When It’s Our City was being wound up, Hereford Solidarity League tried to push for an open and democratic continuation of the campaign, but organisers refused, thinking that we wanted to take over. We thought that there would be support for direct action, as numerous community based campaigns have successfully used this in the past. This would have allowed supporters to use their own voice, rather than rely on other councillors to talk for them. As we now know only a lack of money stands between the council and their ESG plans. We hope that future campaigns learn from the mistakes of It’s Our City and not allow politicians to get in the way of democracy.

Whoever you vote for, It’s Still THEIR County

Central ward councillor Mark Hubbard launched his new political party this September to a packed out Shire Hall of almost 200 people.

It’s Our County claims to be “a new kind of political party dedicated to returning democracy to Herefordshire and to finding local solutions to local problems”. They are now campaigning ahead of next year’s local elections under the broad banner of ‘change’. But hang on, haven’t we heard all of this before? Blair in 1997; Obama in 2008; Cameron in 2010.What we quickly find out is that they’re just more of the same.

It’s Our County was formed out of It’s Our City, the campaign against the Edgar Street Grid. It’s Our City now looks set to be wound up at the decision of those involved in It’s Our County, despite the fact that firm plans are still in place for the ESG development.

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Since its launch in September last year, It’s Our City has dragged its feet over the ESG issue. Over the course of a year it has amounted to little more than a petition and it has failed to mobilise its 13,000 supporters–a campaign against a major development like the ESG cannot be fought with the single tactic of a petition alone.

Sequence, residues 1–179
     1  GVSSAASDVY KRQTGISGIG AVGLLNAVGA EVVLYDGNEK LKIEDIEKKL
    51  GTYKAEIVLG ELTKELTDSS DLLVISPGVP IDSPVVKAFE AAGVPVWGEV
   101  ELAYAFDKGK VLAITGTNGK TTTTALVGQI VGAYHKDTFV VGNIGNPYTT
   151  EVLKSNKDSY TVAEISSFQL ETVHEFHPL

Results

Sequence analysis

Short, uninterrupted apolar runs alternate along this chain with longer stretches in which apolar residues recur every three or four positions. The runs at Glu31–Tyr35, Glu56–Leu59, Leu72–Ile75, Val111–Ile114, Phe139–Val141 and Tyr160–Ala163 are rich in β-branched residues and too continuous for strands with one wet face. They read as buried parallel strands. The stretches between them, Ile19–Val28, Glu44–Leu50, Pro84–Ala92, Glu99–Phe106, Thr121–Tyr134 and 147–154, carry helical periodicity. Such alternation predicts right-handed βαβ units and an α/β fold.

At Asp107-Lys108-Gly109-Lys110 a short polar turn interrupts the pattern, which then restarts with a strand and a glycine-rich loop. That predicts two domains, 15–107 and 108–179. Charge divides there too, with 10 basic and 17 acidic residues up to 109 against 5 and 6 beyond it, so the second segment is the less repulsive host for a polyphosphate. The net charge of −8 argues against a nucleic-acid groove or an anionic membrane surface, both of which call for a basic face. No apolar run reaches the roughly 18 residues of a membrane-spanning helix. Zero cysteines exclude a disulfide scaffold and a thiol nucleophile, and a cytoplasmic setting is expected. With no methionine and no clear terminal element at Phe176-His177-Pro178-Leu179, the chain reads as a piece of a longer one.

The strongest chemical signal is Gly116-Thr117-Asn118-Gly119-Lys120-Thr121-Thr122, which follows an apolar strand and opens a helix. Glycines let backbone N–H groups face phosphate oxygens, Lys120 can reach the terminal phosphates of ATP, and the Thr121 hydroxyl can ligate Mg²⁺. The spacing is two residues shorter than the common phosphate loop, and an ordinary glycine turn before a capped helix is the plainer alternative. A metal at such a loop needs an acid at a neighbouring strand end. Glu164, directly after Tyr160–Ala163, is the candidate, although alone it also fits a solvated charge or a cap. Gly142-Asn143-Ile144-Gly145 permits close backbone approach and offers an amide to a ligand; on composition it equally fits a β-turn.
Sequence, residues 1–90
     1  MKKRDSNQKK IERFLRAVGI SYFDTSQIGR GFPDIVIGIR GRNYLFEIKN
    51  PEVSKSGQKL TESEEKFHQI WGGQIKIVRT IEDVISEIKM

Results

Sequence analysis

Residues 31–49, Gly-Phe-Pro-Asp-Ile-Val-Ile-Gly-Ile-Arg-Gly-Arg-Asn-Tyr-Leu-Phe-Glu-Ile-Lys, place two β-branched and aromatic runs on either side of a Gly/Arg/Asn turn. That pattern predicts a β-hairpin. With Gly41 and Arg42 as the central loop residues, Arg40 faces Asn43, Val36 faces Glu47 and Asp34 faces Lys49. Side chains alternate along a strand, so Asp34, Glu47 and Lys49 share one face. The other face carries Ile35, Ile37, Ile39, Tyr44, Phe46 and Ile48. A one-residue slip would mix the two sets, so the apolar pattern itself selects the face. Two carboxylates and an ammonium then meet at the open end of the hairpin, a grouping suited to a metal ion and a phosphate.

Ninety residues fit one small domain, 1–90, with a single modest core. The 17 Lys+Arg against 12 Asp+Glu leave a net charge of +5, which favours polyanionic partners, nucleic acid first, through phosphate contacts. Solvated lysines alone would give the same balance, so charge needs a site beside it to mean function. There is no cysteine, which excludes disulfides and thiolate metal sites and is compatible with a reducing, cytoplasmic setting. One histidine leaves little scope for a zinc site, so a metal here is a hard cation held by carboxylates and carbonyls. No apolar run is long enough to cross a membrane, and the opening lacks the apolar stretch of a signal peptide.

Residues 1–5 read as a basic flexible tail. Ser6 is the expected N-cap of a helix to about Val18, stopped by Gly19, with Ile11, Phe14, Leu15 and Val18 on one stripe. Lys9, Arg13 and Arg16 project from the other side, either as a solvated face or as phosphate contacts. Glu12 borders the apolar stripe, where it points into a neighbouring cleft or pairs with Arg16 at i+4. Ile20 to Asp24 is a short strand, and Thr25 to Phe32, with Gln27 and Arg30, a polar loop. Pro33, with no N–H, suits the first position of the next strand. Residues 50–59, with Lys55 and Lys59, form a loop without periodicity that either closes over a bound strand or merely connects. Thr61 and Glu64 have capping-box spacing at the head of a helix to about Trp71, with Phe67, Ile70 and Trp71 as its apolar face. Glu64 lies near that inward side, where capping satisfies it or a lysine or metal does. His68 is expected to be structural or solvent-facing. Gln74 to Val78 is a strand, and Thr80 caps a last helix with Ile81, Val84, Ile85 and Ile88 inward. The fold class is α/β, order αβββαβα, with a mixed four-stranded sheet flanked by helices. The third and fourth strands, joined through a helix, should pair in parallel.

In November when the petition was presented to the council we organised a feeder march to arrive at the time of the presentation. Despite repeated requests, they refused to advertise the march because it might lose them their air of respectability. For us the choice was simple: did they want to look respectful or did they want to win, because you can’t always have both.

When the petition failed we pushed for action: pickets at council meetings, marches, mass street meetings and rallies, occupations of council buildings … whatever it took. Many people told us that it was time for It’s Our City to take a more militant approach. Not knowing where to go next, the campaign went into near shutdown, emerging months later with its key members planning a new political party–It’s Our County.

It’s hard not to be cynical about this–was It’s Our City just a strategy to galvanise support for a future political party? Have they ridden on the backs of discontent over the ESG just to gain power for themselves?

It’s Our County is now claiming to be a more serious fight against not only the ESG but the council’s ‘growth agenda’ as a whole–the plan to build 8,000 new houses and a bypass in Hereford.

What we’re fed up with is Herefordshire Council making all the decisions for us. But It’s Our County will be more of the same. If they take control of the council next year it will still be ‘them’ making the decisions and ‘us’ who get no say. Their version of ‘democracy’ is exactly the same as all the others: we get a vote once every four years and if you don’t like what they do in between then tough!

No more leaders, No more political parties, let’s have some genuine people power instead.